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Clin Pharmacokinet. 1997 Apr;32(4):313-23.

Oral delivery of antibodies. Future pharmacokinetic trends.

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Division of Nuclear Medicine, Toronto Hospital, Ontario, Canada.


Antibodies have been investigated as specific targeting agents for cancer diagnosis and therapy, to inactivate toxic substances including drugs and also as passive immunotherapy for neoplastic or infectious diseases. In most cases the antibodies were administered systemically by the intravenous route. More recently, however, there has been increasing interest in the oral administration of antibodies for localised treatment of infections or other conditions in the gastrointestinal tract. The normal physiological handling of ingested proteins is degradation by proteases in the stomach and intestine into small peptides or amino acids which are subsequently absorbed. Proteolytic enzymes involved in the degradation of orally administered immunoglobulins include pepsin, trypsin, chymotrypsin, carboxypeptidase and elastase. These enzymes initially degrade the antibodies to F(ab')2. Fab and Fc fragments. The F(ab')2 and Fab fragments, however, retain some of their neutralising activity locally in the gastrointestinal tract. Various approaches are possible to increase the stability of orally administered antibodies against proteolysis, including formulation in liposomes, coating with polymers and genetic engineering of resistant forms. The clinical application of orally administered antibodies includes the treatment and prevention of gastrointestinal infections caused by enteric pathogens such as rotavirus, Escherichia coli or Vibrio cholerae in susceptible individuals including those with immunodeficiency diseases and patients with bone marrow transplants. There is also a suggestion that such agents may be useful in preventing chemotherapy-induced gastrointestinal mucositis. Future opportunities for research include the design of oral dosage forms of antibodies which resist proteolysis and can deliver a greater fraction of immunoreactive antibody locally in the gastrointestinal tract for the treatment of infections or perhaps even to allow the absorption of antibodies for the treatment or prevention of systemic conditions.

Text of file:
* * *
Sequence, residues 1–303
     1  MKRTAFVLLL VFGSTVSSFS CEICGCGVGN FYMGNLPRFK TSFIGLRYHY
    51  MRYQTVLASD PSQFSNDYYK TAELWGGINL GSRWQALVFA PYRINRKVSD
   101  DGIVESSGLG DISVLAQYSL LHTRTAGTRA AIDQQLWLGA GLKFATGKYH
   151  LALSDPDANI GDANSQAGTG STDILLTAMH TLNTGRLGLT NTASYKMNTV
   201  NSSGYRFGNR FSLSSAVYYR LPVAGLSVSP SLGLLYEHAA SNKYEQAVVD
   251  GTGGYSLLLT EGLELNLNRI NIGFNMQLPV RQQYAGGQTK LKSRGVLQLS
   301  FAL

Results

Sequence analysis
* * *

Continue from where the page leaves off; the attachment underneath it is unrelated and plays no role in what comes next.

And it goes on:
[Indexed for MEDLINE]

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